EDIT: Not to mention downed trees and power lines which stayed that way for 2 weeks. No hot shower, no AC, no lights, cold showers, and dodging trees as crews work to clear them. While a Cat 1 isn't going to be Armageddon, it's gonna be a big freakin' pain in the a$$.
You clearly have no clue as buildings in New York aren't just thrown up anyhow. A category 5 storm could slam New York City and shattered glass here and there would be the only result, as far as the buildings are concerned.
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Old 08-26-2011, 09:40 PM
 
1,615 posts, read 2,136,157 times
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Quote:
Originally Posted by OrlFlaUsa View Post
^ Is that a CAT 1 or CAT 2??

lol, good reply
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Old 08-26-2011, 10:16 PM
 
Location: Orlando Metro Area
3,211 posts, read 2,980,195 times
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Quote:
Originally Posted by wallstreetmafia View Post
You clearly have no clue as buildings in New York aren't just thrown up anyhow. A category 5 storm could slam New York City and shattered glass here and there would be the only result, as far as the buildings are concerned.
Now correct me if I'm wrong, but there are other buildings other than high rises to be concerned about. Lots of beautiful, old (ahem historic), FLAT roofed buildings that probably don't have roof connector straps (mandated in Fl after Andrew) which hold the roof to the frame. As a matter of fact, I wonder home many row house roofs are not up to hurricane code. Then there's the older high rises that probably lack shatter proof glass as you indicated by the admission that a Cat 5 would in fact produce such destruction. Where I absolutely had a good laugh is when you said that a Cat 5 could slam NYC and the only damage to the buildings would be shattered glass lol. To which I must reply?? Cat 5's gut entire floors of skyscrapers bud, while at the same time popping hurricane glass out of the windows due to pressure and wind. Again, you guys up north probably have little to worry about with Irene as the storm is only going to be a Cat 1, but be prepared for the possibility of minor roof damage and power outages. Heck if it even shifts a little more to the east, I'd say most of NYC itself would be spared the worst part of the 80mph sustained winds. However a slight shift east is not the best of news for most reading this thread as that puts the storm's landfall on LI.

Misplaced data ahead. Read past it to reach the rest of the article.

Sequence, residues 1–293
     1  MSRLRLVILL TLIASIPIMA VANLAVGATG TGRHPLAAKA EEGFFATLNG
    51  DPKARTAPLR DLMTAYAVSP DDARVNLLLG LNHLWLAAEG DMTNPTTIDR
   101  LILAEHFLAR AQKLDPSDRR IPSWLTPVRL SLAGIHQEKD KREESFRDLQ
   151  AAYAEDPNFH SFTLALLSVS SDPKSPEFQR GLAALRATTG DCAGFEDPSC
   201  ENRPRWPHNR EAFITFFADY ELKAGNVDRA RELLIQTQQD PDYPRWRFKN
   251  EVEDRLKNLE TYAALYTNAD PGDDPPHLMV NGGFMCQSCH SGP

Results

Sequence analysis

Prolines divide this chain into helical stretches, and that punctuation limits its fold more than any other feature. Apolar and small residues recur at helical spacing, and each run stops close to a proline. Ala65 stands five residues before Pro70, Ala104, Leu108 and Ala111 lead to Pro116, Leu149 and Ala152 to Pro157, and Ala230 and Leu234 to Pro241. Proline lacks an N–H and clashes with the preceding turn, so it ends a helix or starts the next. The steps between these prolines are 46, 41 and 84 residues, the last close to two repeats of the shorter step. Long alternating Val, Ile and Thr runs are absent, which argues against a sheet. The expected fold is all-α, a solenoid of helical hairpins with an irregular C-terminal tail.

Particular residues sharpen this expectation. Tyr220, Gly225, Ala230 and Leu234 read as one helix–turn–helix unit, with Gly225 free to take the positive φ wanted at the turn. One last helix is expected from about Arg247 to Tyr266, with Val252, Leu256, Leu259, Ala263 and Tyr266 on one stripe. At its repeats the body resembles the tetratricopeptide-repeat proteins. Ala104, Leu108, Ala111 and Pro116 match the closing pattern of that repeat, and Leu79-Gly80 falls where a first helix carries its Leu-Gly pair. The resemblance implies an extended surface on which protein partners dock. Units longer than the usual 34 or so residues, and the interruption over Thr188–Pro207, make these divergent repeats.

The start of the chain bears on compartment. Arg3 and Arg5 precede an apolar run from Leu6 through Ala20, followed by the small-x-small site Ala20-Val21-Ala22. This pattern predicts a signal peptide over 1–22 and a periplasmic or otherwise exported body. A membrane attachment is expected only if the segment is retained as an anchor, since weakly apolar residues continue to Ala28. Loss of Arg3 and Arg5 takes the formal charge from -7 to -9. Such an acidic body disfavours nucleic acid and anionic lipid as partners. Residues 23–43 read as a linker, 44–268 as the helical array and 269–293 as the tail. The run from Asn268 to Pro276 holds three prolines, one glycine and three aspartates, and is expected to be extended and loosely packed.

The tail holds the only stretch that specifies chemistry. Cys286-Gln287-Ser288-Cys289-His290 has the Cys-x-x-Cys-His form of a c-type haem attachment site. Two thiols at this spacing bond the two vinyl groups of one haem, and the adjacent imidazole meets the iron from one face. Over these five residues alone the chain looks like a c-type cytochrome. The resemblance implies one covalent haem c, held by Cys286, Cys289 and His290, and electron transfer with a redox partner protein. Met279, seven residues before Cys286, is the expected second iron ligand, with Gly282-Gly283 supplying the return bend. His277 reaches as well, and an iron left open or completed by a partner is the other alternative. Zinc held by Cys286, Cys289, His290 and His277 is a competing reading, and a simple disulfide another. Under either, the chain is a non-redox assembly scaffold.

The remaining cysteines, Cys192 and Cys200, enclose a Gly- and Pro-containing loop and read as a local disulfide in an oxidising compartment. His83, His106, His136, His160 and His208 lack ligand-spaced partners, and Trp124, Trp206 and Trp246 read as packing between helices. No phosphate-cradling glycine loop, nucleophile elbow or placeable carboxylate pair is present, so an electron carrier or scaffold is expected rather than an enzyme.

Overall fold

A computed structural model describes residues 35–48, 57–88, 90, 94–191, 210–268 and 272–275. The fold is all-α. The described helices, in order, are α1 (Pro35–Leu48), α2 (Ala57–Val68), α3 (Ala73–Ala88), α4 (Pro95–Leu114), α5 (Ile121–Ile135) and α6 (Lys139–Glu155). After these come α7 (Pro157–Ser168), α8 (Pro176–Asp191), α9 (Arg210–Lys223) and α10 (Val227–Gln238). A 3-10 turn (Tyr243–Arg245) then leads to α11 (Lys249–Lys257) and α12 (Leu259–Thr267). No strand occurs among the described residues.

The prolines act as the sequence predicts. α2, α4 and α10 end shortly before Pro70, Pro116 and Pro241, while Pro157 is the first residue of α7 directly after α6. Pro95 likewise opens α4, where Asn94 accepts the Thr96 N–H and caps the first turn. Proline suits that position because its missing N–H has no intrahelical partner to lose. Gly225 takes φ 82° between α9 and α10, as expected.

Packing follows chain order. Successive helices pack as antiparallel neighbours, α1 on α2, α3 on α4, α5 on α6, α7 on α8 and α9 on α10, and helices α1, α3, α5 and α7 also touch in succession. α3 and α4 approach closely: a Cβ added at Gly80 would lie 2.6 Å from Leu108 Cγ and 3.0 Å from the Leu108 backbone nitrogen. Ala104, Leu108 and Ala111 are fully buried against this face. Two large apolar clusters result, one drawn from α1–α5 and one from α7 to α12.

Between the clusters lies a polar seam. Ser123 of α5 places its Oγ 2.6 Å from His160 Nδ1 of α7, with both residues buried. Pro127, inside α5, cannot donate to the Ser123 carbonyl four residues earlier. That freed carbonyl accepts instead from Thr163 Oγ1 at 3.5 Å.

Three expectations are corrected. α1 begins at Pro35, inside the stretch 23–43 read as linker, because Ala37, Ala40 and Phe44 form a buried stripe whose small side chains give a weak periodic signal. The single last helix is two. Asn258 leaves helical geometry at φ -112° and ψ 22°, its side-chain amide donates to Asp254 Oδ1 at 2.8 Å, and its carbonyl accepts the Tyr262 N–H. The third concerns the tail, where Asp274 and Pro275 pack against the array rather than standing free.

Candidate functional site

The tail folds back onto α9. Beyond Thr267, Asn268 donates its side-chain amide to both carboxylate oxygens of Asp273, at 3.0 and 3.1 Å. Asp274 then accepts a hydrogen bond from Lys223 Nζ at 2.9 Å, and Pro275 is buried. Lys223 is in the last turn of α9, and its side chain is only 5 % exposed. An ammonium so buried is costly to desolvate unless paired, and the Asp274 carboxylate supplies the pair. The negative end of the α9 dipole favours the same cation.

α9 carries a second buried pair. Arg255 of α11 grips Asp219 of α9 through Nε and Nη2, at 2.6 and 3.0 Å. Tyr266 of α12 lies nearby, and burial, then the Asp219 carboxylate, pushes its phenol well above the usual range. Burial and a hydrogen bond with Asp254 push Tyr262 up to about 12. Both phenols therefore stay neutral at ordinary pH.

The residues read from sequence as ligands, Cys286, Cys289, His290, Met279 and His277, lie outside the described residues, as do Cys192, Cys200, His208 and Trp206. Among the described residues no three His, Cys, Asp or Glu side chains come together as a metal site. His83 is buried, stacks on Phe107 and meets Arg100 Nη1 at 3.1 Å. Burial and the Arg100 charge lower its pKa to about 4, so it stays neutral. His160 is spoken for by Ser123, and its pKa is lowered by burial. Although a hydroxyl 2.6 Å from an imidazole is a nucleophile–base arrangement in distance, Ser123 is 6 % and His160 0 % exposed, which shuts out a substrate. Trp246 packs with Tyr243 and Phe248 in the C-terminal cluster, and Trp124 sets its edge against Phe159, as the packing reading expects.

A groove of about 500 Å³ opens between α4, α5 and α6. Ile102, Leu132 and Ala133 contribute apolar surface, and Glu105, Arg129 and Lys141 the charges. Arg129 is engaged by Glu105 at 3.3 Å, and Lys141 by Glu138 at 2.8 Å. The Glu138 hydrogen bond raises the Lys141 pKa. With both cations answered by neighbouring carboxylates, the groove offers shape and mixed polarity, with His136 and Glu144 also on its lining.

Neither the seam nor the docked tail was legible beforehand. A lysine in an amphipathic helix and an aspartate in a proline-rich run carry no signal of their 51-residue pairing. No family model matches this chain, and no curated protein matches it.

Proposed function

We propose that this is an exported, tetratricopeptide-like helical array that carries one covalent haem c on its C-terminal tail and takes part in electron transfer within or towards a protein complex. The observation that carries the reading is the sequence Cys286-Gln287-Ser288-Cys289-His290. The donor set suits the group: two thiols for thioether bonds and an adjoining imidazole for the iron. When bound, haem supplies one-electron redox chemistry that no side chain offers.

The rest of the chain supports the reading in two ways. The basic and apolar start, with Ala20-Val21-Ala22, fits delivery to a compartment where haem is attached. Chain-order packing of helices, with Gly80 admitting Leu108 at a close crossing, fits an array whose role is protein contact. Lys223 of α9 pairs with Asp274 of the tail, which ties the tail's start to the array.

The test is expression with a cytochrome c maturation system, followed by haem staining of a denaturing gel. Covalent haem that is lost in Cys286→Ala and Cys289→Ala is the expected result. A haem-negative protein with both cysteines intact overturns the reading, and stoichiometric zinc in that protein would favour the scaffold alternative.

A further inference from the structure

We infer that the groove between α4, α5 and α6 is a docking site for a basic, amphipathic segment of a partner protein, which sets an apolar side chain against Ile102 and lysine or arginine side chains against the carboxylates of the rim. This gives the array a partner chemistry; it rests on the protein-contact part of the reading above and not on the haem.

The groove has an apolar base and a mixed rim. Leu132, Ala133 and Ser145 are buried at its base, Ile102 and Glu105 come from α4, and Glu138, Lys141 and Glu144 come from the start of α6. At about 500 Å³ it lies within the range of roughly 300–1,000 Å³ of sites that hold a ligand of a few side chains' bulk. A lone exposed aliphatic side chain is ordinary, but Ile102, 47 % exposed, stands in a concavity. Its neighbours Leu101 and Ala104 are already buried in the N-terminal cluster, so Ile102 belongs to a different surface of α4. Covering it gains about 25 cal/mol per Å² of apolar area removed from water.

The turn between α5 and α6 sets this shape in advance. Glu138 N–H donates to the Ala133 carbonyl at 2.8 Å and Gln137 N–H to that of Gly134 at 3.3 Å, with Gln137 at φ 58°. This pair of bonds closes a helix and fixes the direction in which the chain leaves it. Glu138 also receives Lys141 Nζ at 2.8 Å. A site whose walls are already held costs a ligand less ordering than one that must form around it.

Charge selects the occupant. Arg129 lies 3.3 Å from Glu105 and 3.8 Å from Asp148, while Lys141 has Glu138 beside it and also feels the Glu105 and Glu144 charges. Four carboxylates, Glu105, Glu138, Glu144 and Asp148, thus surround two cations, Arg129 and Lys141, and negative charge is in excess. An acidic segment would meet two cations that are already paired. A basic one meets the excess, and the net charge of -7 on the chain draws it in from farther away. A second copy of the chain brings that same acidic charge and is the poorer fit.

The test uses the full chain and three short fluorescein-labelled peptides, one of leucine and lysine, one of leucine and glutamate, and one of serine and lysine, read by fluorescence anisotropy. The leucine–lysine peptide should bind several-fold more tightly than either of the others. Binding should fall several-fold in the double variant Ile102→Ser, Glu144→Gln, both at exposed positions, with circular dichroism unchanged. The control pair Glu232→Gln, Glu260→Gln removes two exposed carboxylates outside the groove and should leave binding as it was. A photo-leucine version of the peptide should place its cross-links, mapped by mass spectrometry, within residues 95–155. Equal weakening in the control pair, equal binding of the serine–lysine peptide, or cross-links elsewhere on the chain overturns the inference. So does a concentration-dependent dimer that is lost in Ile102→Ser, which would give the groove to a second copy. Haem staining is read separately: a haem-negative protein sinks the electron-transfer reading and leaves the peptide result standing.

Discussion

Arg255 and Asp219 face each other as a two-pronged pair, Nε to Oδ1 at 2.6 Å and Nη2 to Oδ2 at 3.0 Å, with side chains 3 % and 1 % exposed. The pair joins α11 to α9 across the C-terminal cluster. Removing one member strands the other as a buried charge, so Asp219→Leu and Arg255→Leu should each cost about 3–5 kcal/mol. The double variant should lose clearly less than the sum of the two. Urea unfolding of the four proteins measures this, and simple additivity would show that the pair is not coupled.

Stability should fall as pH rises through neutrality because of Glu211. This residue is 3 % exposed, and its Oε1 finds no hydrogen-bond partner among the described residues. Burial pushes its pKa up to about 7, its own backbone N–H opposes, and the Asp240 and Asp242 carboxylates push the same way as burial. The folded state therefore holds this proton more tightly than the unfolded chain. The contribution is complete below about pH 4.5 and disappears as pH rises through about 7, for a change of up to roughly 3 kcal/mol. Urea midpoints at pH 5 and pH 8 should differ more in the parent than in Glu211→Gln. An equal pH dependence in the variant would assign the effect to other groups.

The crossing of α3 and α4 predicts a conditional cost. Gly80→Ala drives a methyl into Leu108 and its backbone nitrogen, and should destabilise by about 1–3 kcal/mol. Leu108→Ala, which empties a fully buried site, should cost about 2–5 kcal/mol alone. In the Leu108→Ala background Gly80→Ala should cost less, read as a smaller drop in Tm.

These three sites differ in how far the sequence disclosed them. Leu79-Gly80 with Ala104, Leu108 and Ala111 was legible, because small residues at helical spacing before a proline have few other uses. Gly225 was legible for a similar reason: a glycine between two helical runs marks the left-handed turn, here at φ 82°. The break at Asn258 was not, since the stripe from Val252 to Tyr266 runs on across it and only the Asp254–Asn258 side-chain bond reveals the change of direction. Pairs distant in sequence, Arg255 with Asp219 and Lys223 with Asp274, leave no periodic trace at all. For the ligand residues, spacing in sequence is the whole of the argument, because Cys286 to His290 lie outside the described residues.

Quote:
Originally Posted by LongIslandCitizen View Post
lol, good reply
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Old 08-26-2011, 10:23 PM
 
1,229 posts, read 1,982,535 times
Reputation: 599
Quote:
Originally Posted by wallstreetmafia View Post
You clearly have no clue as buildings in New York aren't just thrown up anyhow. A category 5 storm could slam New York City and shattered glass here and there would be the only result, as far as the buildings are concerned.


175MPH winds and only broken glass? Sure the commercial skyscrapers would not topple over but I guarantee you that residential homes would be wiped off of their foundations with 175 MPH wind speeds. Commercial skyscrapers would be gutted with only the shell of the skyscraper standing. The windows and internals would be completely damaged in skyscrapers.

Residential homes in New York are engineered for only 90 - 110MPH winds. Even then, they will experience severe damage. At 170MPH winds, the homes are GONE.